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Friday, December 12, 2008

How About Some GOOD Education News?

A recent report out finds that American students are making doing somewhat better as compared to students in other countries. This article was in the NY Times this week. From the article:

"American fourth- and eighth-grade students made solid achievement gains in math in recent years and in two states showed spectacular progress, an international survey of student achievement released on Tuesday found. Science performance was flat.

The results showed that several Asian countries continued to outperform the United States greatly in science and math, subjects that are crucial to economic competitiveness and research."

I know, where's the good news? Well, "solid achievement gains" are something. Here's who did well:

"Students in Massachusetts and Minnesota, which participated in a special study that attributed a score to the states as if they were individual countries, also demonstrated stellar achievement, outperforming classmates in all but a handful of countries.

In eighth-grade science, for instance, Massachusetts students, on average, scored higher than or equal to students in all countries but Singapore and Taiwan.

And in Minnesota, which has worked to improve its math curriculum, the proportion of fourth-grade students performing at the advanced level jumped from 9 percent in 1995 to 18 percent in 2007, a gain that was one of the world’s largest."

So let's find out what they are doing in Massachusetts and Minnesota (who I also believe have top ranked state tests).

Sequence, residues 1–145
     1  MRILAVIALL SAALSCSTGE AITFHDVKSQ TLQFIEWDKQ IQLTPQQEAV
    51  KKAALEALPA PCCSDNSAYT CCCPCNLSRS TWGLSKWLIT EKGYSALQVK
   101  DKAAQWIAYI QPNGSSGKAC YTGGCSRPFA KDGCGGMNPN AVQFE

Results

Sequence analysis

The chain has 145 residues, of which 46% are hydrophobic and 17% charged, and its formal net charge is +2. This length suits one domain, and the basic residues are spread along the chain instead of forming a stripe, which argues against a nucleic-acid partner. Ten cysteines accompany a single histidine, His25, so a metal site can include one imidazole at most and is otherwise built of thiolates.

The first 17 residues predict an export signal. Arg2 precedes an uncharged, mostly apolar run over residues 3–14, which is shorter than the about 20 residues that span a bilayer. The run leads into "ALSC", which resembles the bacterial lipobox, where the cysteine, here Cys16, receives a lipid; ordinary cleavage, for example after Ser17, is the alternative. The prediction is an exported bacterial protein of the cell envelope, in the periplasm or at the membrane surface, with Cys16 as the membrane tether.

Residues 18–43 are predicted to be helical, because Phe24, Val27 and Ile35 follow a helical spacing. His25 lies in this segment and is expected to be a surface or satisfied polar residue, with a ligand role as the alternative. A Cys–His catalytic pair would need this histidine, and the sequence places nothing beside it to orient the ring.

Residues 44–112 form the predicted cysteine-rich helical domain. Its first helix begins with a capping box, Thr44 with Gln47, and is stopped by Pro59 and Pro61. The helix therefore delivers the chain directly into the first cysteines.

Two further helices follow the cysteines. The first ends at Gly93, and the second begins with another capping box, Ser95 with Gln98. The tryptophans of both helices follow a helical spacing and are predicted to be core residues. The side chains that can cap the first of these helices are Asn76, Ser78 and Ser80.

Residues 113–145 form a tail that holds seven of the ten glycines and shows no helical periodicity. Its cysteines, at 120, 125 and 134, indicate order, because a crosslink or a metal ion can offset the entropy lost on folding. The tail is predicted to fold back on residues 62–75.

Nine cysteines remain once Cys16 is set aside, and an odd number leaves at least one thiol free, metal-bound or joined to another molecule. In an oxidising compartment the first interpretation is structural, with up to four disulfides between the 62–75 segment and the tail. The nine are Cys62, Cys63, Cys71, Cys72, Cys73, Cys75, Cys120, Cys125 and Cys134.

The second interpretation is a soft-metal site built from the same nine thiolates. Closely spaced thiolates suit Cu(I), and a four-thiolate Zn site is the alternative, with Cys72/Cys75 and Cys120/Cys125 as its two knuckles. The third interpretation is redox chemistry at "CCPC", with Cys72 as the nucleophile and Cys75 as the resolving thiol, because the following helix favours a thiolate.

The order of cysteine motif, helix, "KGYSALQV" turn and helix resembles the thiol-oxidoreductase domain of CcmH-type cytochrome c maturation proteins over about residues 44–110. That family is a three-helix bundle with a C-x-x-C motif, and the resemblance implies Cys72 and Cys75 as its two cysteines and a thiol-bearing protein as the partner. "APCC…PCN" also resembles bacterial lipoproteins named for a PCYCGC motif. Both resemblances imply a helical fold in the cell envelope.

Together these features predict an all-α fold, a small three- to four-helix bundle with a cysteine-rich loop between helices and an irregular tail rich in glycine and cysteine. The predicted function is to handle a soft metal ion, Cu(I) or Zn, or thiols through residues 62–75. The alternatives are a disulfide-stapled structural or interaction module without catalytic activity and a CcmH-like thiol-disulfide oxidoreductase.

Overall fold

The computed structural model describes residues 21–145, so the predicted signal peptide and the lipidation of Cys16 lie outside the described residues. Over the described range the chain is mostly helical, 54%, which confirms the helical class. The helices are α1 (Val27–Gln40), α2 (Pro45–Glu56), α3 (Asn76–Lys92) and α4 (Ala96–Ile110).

Bad news from the article:

"Asia’s continuing dominance in math and science, first demonstrated in the 1990s, was especially apparent in the latest results, which showed rising percentages of high-scoring students there.

Nearly half of eighth graders scored at the advanced level in math in Taiwan, Korea and Singapore, compared with 6 percent of American students.

Comparing educational performance in the United States, a diverse country of 300 million people with 50 state educational systems, with city-states like Singapore and Hong Kong, which have populations of 4.5 million and 6.9 million people, respectively, is a bit of apples and oranges.

Still, experts said the Timss study again confirmed the tremendous gains those societies had made in just a few decades."

Other good news from the AP:

"Washington is third in the nation in the number of teachers who earned national board certification this year.

Another 918 Washington teachers earned the national credential in 2008.

The state ranks eighth in the nation for the number of teachers who have completed the strenuous requirements. A total of 2,717 Washington teachers -- or more than 5 percent of Washington's teachers -- hold the credential."

Yay for Washington and yay for our teachers. It doesn't say how many are in Seattle Public Schools but I know there are likely to be many.

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